That may be read two ways. We are sure black holes exist. We are sure that they are dense regions of mass that hover below the planck scale in a supercooled quantum state. The black hole in our galaxy has not only been accurately 'weighed' but has also been observed feeding. Black Holes have been observed to have a predictable relationship to the dynamical movement of galaxies. By observing galactic rotation you can deduce the mass of the central supermassive black hole.
What has also been observed is that older galaxies quieten down, until they collide with other galaxies, where as the youngest ones which get called quasars are ejecting and feeding in a frenzied state. The popular image of a black hole as some un-seeable devourer of everything is very probably the patent opposite of what a black hole really is. They make the galaxies not destroy them.
I say again that black holes are key to unlocking the mysteries of what exactly our universe is, where it came from and where it is going. And there are alternative theories to big bang theory that show the mechanism by which we can see the same process at work in the formation of galaxies as a universal event. Universal expansion, as observed, can be viewed as a single black hole making a matter ejection. The black holes that drive the galaxies being great globs of quantised superheavy, supercooled matter spat out when all the matter in our universe last reached super-critical density almost 14 billion years ago and switched to a repellent phase. This theory, based on Loop Quantum Cosmology, not only explains relativity's blank stares over the question of infinite density but also explains the few oddity's we have observed that hint our universe must have existed for longer. An expanding and contracting quantum 'material' that changes its, for want of a better expression, 'polarity' in relation to its density explains everything we can see. It is the most elegant theory I have come across and is well worth investigating for yourselves.

Loop quantum cosmology - Wikipedia, the free encyclopedia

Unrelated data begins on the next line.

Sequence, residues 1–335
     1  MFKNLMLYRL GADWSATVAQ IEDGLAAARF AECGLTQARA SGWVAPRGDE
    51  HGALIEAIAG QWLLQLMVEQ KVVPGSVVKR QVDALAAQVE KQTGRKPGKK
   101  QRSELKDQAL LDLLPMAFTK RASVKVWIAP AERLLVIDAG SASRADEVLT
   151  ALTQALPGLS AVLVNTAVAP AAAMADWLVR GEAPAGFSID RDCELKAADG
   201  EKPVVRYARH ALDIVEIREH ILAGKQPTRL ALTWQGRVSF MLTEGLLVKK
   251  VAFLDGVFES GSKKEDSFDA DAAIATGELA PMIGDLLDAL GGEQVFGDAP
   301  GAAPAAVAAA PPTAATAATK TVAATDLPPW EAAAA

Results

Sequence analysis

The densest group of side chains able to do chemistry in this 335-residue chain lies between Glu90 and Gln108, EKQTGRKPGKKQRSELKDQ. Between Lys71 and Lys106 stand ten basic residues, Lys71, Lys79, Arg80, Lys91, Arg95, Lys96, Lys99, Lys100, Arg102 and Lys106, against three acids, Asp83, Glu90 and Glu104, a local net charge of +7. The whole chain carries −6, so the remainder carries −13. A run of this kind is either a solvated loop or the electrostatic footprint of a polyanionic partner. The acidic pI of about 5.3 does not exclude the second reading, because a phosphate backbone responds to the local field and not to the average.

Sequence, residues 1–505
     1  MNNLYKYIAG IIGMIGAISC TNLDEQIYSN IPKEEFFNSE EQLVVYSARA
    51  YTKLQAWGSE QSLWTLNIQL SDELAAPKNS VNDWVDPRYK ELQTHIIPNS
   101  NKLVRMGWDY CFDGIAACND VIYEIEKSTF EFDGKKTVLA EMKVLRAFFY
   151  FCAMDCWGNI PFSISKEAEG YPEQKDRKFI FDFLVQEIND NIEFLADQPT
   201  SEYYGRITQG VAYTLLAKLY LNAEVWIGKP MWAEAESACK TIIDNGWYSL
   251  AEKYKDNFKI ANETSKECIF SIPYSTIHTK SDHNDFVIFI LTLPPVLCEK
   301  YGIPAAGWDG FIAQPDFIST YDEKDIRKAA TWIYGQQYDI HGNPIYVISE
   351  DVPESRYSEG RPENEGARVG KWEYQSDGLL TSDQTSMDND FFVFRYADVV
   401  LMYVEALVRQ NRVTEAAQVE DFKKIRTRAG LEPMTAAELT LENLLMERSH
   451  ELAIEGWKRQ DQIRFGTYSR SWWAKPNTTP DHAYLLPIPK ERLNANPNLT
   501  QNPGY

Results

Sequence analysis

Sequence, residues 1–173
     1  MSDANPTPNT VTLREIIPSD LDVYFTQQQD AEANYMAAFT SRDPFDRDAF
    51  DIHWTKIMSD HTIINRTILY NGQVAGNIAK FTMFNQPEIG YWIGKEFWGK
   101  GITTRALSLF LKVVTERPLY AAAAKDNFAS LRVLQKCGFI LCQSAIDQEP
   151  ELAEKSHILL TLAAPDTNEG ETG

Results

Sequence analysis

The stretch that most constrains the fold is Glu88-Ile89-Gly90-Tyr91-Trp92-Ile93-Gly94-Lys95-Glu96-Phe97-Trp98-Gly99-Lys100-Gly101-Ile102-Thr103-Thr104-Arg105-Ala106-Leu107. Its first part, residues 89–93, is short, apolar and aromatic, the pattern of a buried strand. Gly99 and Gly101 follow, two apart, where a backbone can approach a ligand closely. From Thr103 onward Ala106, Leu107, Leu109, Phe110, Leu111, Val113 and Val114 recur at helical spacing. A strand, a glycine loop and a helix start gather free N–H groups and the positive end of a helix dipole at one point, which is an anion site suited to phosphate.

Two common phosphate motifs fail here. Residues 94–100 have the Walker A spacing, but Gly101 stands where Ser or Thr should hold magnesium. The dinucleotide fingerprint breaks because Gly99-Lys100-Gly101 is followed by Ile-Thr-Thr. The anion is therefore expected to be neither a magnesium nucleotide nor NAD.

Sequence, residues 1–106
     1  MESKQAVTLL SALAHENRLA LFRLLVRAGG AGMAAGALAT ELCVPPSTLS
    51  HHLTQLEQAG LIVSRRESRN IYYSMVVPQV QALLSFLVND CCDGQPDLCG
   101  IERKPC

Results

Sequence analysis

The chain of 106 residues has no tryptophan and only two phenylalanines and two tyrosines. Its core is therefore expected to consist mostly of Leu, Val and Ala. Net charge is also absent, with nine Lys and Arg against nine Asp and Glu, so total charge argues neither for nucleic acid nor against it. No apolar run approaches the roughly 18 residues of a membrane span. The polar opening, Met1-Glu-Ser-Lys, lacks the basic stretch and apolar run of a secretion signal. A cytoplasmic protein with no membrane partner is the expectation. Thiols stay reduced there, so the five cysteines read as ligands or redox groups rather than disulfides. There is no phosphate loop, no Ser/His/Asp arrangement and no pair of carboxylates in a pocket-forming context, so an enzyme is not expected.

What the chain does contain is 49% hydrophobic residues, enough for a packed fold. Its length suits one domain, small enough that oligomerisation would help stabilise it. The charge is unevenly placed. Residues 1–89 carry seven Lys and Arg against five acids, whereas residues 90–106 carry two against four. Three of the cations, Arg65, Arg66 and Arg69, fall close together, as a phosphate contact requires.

tao
 
Its a pretty cool theory which might help explain Fermis Paradox ( http://www.interfaith.org/forum/fermis-paradox-8769.html ). An intelligent race might find itself racing to escape the big crunchy at the end of the universe. I can think of a couple of ways they might try doing it: travel very fast for a long time with lots of mass to get out of the way and completely break the link with all other matter, or somehow transform themselves enough to integrate their consciousness into the universe in a persistant way. Both methods of crunchy survival would make respect for other intelligent species a low priority. Yeah, its a far out idea, but how else would you explain Fermi's paradox?
 
Its a pretty cool theory which might help explain Fermis Paradox ( http://www.interfaith.org/forum/fermis-paradox-8769.html ). An intelligent race might find itself racing to escape the big crunchy at the end of the universe. I can think of a couple of ways they might try doing it: travel very fast for a long time with lots of mass to get out of the way and completely break the link with all other matter, or somehow transform themselves enough to integrate their consciousness into the universe in a persistant way. Both methods of crunchy survival would make respect for other intelligent species a low priority. Yeah, its a far out idea, but how else would you explain Fermi's paradox?

I am not quite sure what you mean by "respect for". One method to survive a 'crunch' would indeed be to 'seed' the inward falling matter with coding that would kick start life again when it started to expand again. Again we seem to see this, the building blocks of life are everywhere. And it would explain these rogue stars of great age and high velocity that travel independent of the galaxy, stars that may have survived the last implosion event. The physics also suggest this is an infinite cycle, which sits well with me...

tao
 
Yes, it's all nice. But... In this 'black hole' theory there are a great deal of 'black' places as well. They say black star not to have any matter in its consistention. It's a ball of powers (of gravitation etc.). Yes, maybe in the hole there are weight, gravitation etc.
How could the materialistic science - which never imagined a power existing without phisical matter - not to avoid this standpoint! I don't try to prove it's incorrect. But from viewpoint of materialistical science knowing nothing but matter with its powers it looks very much strange.
 
There are other theories, too. Its strange because its a theory that has been crafted to explain some strange things. I say crafted but puzzled would be a better word, because the cosmos is a giant puzzle with pieces that sometimes fit together in more than one way.